How-To Create Software RAID 1 (mirror) on Debian Linux

By | 2014/12/27

A RAID1 array on Linux is fairly straightforward to setup. Here is a quick guide!

Note: In this example, the two disk for the array are: /dev/sda and /dev/sdb

1. Install mdadm

On Debian, install mdadm:

sudo apt-get install mdadm

If prompted to define the array, leave the answer blank for now.

2. Run fdisk on each disk and create a new partition, type fd (Linux raid auto)
sudo fdisk /dev/sda

sudo fdisk /dev/sdb

3. Edit /etc/mdamd/mdadm.conf and define disks in the array
ARRAY /dev/md0 devices=/dev/sda1,/dev/sdb1 level=1 num-devices=2 auto=yes
4. Zero out the superblock to remove any previous raid installation from the disks
sudo mdadm --zero-superblock /dev/sda /dev/sdb

If output provides an error such as ‘Unrecognised md component device’ this is ok and expected behavior for a disk that has never been part of RAID before.

5. Next, create the RAID1 array
sudo mdadm --create /dev/md0 --level=1 --raid-devices=2 /dev/sda1 /dev/sdb1

6. Format the array with a desired file system. Here I am using ext4.
sudo mkfs.ext4 /dev/md0

The array will now take some time to build. To view the progress of the array, use the watch command like so:

watch cat /proc/mdstat
7. Mount array

The RAID1 can be mounted as desired. For example to use as your /home, mount with:

sudo mount /dev/md0 /home

Running df -H will show the RAID1 like a regular disk:

stmiller@brahms:~$ df -H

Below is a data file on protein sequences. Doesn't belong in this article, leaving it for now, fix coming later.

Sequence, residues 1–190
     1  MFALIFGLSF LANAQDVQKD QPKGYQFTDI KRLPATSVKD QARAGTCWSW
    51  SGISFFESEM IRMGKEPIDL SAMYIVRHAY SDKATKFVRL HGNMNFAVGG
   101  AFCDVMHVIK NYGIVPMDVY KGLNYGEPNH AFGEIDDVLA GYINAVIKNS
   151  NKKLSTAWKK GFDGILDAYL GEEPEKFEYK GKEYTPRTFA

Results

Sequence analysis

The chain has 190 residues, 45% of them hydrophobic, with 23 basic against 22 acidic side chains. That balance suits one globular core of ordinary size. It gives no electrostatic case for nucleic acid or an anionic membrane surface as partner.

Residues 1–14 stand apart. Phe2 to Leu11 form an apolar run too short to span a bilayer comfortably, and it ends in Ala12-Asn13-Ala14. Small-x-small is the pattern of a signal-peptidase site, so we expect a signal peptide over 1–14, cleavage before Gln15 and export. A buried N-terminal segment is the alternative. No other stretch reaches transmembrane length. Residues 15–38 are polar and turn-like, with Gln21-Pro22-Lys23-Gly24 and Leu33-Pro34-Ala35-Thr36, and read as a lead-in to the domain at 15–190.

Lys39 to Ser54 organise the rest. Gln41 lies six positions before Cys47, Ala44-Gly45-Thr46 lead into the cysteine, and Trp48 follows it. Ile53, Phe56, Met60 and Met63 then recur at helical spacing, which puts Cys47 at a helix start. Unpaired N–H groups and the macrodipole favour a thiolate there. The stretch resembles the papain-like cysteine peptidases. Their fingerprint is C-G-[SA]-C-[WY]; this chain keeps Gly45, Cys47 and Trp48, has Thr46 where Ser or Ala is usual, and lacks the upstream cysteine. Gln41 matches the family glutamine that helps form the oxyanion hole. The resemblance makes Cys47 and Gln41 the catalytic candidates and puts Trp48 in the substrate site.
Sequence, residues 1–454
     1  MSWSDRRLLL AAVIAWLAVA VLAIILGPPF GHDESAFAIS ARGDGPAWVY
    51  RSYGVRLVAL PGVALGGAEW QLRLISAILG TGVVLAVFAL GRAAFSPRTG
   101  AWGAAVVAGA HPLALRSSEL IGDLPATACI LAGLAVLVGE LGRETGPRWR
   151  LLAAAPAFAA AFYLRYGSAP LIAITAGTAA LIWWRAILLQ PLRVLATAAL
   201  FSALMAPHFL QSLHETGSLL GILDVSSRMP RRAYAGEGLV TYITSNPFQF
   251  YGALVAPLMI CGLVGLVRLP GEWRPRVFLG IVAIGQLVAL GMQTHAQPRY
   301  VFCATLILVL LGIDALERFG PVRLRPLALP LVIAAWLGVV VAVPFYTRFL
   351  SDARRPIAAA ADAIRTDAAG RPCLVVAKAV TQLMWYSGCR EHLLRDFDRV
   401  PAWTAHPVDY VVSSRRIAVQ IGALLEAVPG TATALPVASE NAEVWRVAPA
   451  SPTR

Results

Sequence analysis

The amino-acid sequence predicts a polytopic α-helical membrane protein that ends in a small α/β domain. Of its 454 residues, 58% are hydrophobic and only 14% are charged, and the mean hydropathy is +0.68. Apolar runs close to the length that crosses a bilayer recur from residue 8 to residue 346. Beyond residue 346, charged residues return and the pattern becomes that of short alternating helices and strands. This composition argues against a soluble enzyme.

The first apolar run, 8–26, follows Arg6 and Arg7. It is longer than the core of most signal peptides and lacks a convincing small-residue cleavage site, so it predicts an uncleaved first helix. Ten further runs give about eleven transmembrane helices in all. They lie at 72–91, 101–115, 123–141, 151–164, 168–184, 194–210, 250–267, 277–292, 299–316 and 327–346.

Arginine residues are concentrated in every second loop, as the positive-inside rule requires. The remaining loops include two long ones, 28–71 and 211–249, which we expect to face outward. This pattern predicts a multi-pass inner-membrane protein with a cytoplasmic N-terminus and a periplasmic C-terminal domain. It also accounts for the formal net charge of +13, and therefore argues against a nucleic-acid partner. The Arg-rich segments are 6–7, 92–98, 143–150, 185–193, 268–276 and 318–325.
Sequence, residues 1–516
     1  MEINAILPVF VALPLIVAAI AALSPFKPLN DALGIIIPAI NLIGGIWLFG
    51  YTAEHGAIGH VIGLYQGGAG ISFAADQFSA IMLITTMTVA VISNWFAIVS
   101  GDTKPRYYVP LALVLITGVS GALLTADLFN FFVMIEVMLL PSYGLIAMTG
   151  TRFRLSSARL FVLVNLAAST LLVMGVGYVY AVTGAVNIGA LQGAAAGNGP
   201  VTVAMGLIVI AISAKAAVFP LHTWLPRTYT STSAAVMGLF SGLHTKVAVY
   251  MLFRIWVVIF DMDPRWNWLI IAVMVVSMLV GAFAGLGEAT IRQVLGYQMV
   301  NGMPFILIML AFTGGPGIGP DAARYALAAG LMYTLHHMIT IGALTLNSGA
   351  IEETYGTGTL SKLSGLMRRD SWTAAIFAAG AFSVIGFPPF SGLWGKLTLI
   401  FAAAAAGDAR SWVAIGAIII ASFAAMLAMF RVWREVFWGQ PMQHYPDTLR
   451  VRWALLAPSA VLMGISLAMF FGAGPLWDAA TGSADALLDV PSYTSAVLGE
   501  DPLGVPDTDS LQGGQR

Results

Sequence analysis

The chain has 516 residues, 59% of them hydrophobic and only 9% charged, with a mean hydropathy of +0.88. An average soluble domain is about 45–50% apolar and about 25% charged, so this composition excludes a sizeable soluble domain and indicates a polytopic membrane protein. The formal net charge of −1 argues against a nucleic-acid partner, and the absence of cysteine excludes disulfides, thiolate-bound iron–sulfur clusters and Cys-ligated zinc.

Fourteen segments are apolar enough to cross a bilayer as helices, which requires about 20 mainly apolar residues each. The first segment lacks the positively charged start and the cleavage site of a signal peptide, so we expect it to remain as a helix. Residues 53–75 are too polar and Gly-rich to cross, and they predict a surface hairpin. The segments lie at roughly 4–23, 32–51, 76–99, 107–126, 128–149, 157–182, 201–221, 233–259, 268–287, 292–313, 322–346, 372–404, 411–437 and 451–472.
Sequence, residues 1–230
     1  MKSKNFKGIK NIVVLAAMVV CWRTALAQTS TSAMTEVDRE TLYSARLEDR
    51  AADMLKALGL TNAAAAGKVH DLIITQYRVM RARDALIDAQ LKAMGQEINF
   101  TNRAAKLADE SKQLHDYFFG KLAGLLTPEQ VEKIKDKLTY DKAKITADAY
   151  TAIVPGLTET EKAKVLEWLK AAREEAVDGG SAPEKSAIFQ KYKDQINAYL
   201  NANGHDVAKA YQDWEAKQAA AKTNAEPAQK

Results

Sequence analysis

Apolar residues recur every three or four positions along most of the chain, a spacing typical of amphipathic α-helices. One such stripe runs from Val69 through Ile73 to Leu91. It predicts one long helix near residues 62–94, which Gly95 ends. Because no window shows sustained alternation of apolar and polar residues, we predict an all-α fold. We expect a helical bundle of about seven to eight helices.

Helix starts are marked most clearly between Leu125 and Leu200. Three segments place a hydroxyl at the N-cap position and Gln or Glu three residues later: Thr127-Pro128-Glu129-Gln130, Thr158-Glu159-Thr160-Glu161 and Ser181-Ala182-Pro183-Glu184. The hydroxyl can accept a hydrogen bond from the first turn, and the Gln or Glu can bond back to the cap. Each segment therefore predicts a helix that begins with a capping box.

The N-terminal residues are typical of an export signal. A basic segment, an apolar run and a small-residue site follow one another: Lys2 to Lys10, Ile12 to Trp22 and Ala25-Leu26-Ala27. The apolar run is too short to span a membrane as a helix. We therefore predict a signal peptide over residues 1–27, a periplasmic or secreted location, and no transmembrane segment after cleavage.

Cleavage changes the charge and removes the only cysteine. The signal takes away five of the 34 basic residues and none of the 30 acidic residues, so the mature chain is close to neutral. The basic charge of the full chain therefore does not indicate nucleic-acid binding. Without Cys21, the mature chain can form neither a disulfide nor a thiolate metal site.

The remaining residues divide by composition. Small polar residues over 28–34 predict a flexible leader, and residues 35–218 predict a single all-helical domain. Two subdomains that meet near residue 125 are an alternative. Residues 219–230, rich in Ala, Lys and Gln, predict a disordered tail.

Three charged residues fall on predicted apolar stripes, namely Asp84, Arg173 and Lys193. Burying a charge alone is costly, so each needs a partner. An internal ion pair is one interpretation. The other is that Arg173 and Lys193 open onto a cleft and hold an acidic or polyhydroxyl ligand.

Filesystem      Size  Used Avail Use% Mounted on
/dev/sde1        30G   21G  7.4G  74% /
udev             11M     0   11M   0% /dev
tmpfs           3.4G   19M  3.4G   1% /run
tmpfs           8.5G   34M  8.4G   1% /dev/shm
tmpfs           5.3M  4.1k  5.3M   1% /run/lock
tmpfs           8.5G     0  8.5G   0% /sys/fs/cgroup
tmpfs           8.5G  2.9M  8.5G   1% /tmp
tmpfs           1.7G     0  1.7G   0% /run/user/121
tmpfs           1.7G  8.2k  1.7G   1% /run/user/1000
/dev/md0        246G   63M  234G   1% /home

8. Mount array at boot

To have the array be mounted and available at boot, add a line to /etc/fstab to define the desired mount point:

/dev/md0 /home ext4 noatime,rw 0 0 

Rock on,

2 thoughts on “How-To Create Software RAID 1 (mirror) on Debian Linux

  1. gvn

    Is there anything special you need to do when using two 4TB drives?

    After following these instructions I ended up with only 2.2 TB showing up when I run `df -H`

  2. cat1092

    gyn, you need a UEFI Firmware (what used to be called BIOS) & format as GPT.

    That way, you’ll be able to use your entire drives, all of them. Of course that provided you have UEFI Firmware (mid to late 2012 onwards, before then, most computers were BIOS only. If you were close to the range, you may want to see if there’s a UEFI Firmware update that applies to you, it’s a longshot option, yet any shot is better than none.

    Two last option(s), if your MB by chance is the ASRock brand, there’s a tool that they offer to unlock HDD’s over 2TB in size. If that’s not possible, then I’d suggest looking for a modern MB for your CPU, if DDR2 RAM, forget UEFI, you’ll need at least a Sandy Bridge (2nd gen ‘i’ series) CPU to get a UEFI MB.

    A rule of thumb when asking these questions is to list system components. That’ll help us help you in determining what can be done.



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